But the devices did not fire, and the parachute did not deploy. Schmitz had only 3.4 seconds after initiating ejection to pull the emergency manual parachute deployment handle once he realized the first hadn't worked. The Accident Investigation Board president, Maj. Gen. Randal Efferson, found that it was "possible, but highly unlikely" Schmitz could have done so in that timeframe, especially if incapacitated by disorienting events.
Air Force Research Lab inspectors who aided in the investigation found that there were errors in two of the DRS's three control channels: Channel two failed due "to a critical error at power-on, and channel three failed due to a signal noise issue," the report states.
The service said that the issue has "been observed in approximately 9% of all live ejections and sled tests," for the seat, the report adds.
The DRS was introduced in 2005, with the final systems procured in 2014 from California-based Teledyne Electronic Safety Products.
The errors in Schmitz's case -- at the power-on and a signal noise issue -- can happen to a variety of electronic equipment, said a longtime military aviation specialist, who asked not to be identified because he is not authorized to speak to the press in his current job.
A modification could have averted one or both of those issues, said the specialist, echoing what Efferson determined in his report findings. The flaw would have been found within a Time Compliance Technical Order, known as a TCTO maintenance inspection.
That type of inspection often mandates expedited modifications, comprehensive equipment inspections or installation of new equipment in order to fix an urgent issue or reduce a potential hazard.
The first opportunity for the TCTO would have been in 2017, Efferson said. But it was not executed because of "lack of available parts."
"The TCTO requirement was automatically deferred to the next 36-month seat inspection, which was 28 August 2020," approximately eight weeks after the accident, according to the report.
The DRS in Schmitz's seat was considered "expired" in February 2019. Knowing this, the Air Force Life Cycle Management Center approved an extension, independent of the TCTO requirement, until parts were available. The center issued three extensions, the last approved on May 27, 2020, that would have expired on July 31.
"When it comes to things that are life support, i.e. an ejection seat or an oxygen [breathing] system, those are things that you've got to think really long and hard before you defer those [maintenance orders]," said retired Gen. Herbert "Hawk" Carlisle, an F-15 Eagle pilot who led Air Combat Command between 2014 and 2017. "I mean, it's your last resort."
To correct the noise-related deficiency, the service chose to fine-tune the DRS with a shorting plug or replace the DRS entirely with an upgraded sequencer, known as the Modernized ACES II Seat Sequencer, or MASS, depending on the age of the respective unit, according to the Air Force Safety Center.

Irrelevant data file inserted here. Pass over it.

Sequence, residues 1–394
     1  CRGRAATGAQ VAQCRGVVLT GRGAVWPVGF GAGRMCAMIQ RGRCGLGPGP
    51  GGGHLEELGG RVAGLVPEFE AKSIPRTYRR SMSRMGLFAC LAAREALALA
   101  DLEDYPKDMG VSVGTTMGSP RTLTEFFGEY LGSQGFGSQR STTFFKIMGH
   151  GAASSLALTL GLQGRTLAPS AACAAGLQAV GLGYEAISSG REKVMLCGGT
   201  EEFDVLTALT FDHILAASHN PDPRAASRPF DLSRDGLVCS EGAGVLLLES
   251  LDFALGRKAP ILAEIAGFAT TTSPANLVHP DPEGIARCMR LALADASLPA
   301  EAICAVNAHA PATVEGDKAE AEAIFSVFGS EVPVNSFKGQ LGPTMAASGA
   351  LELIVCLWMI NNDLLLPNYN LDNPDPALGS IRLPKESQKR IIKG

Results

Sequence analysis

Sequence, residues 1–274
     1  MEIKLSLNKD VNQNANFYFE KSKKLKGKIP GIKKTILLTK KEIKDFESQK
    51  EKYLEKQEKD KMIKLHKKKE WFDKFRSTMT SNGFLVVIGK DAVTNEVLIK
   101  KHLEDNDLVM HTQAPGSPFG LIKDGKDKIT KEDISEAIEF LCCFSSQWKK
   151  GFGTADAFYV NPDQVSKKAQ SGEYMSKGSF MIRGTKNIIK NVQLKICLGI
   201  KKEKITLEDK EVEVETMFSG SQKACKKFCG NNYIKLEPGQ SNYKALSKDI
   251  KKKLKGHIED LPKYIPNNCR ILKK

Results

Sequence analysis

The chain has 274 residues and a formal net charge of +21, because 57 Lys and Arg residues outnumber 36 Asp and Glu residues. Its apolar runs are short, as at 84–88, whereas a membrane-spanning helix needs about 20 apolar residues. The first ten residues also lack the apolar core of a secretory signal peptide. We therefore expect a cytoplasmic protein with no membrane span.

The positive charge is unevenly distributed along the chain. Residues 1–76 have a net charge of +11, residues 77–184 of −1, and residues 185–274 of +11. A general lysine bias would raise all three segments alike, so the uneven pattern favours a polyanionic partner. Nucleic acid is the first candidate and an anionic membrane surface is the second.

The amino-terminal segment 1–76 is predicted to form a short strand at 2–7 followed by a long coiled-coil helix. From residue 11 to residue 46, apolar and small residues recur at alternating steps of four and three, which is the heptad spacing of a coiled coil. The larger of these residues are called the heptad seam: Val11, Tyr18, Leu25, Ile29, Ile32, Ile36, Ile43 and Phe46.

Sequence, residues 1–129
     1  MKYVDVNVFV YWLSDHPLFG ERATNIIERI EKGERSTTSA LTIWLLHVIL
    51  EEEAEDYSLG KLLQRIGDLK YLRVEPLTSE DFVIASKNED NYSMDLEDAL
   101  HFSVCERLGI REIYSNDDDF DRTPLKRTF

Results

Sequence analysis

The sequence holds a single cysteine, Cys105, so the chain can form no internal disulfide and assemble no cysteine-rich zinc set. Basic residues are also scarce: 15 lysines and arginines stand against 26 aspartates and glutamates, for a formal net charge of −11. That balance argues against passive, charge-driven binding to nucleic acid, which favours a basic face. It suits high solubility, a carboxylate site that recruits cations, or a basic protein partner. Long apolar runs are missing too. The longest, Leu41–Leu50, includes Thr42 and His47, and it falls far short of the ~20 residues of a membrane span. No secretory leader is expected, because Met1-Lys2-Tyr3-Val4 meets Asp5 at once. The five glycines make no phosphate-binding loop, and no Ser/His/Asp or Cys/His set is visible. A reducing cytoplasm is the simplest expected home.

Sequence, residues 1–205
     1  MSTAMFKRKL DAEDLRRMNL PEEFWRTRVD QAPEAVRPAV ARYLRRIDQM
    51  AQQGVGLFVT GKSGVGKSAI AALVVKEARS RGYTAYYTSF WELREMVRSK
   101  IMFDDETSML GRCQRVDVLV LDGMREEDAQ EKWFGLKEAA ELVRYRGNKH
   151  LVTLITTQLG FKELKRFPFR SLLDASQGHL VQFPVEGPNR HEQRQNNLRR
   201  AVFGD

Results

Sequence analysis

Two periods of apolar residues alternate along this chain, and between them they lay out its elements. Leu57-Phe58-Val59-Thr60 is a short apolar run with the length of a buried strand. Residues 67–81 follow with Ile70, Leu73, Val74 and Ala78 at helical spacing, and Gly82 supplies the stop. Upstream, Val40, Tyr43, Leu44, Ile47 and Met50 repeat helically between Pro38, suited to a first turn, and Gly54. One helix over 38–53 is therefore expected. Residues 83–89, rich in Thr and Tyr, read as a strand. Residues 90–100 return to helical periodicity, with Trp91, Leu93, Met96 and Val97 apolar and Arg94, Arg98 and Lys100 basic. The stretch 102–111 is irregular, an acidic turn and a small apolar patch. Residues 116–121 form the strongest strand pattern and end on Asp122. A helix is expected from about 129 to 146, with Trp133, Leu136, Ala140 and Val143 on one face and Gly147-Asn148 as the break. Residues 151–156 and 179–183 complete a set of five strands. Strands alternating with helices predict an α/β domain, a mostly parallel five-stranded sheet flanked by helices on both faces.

Schmitz's F-16 was scheduled to receive an upgrade to MASS, also made by Teledyne. The aircraft would have received maintenance between July 8 and Aug. 21 for the MASS installation, canceling out the TCTO requirement.
When asked whether the Air Force Life Cycle Management Center -- which had issued multiple extensions on the fix -- decided to ramp up spare parts deliveries to bases after the accident, officials said no.
The shorting plugs and or MASS devices "were provided to Air Force bases as they became available," for those aircraft still requiring the tech order completion, said Derek Kaufman, spokesman for Air Force Materiel Command, which oversees the center.
If MASS assets were available instead of the shorting plugs, they "were delivered to bases for installation to minimize future maintenance actions," he said. No other spare parts were required to complete these TCTO actions, he added.
"There should be no excuse ever for lack of available parts, especially critical parts," Valerie Rudolph said.
The DRS has a shelf life of 10 years; it is no longer manufactured, the service said.
Rep. Ken Calvert, a California Republican who has been in touch with the Schmitz family, told Military.com that the service needs to review its protocols for maintenance extensions.
The Air Force must "determine the root cause of parts shortages that prevent critical life-saving maintenance and work with Congress to fix it," Calvert said.
Aircraft Still Need of Repair
Aside from the accident at Shaw, there have been no other aircraft accidents within the last five years in which the DRS issue caused a seat separation to fail, the Air Force Safety Center said.
But there was another incident that occurred earlier, which became the catalyst for the all-inclusive TCTO inspection.
In 2014, an F-16C instructor pilot in the Tulsa Air National Guard experienced a similar DRS failure during an uncontrolled ejection near Moline, Kansas, after he and his student pilot collided during a training mission. In that case, the instructor pilot was more experienced than Schmitz, with more than 2,600 flight hours. Within 4 seconds, the pilot, unnamed in the report, knew he had to pull the emergency manual parachute deployment handle, and did so at 7,500 feet above ground. Like Schmitz, circumstances called for a Mode 1 ejection, or an egress for speeds less than 250 knots and altitudes less than 15,000 feet, for which the drogue parachute -- the subsequent chute -- doesn't deploy.
Both pilots survived in that incident.
The service did not see a reason to ground fleets following Schmitz's incident since the TCTOs -- ordered in 2016 following the 2014 incident -- were already underway, the safety center said.
"Comprehensive testing of components up to now has generated nominal data on performance to specification and supported the decision to keep flying," the center said.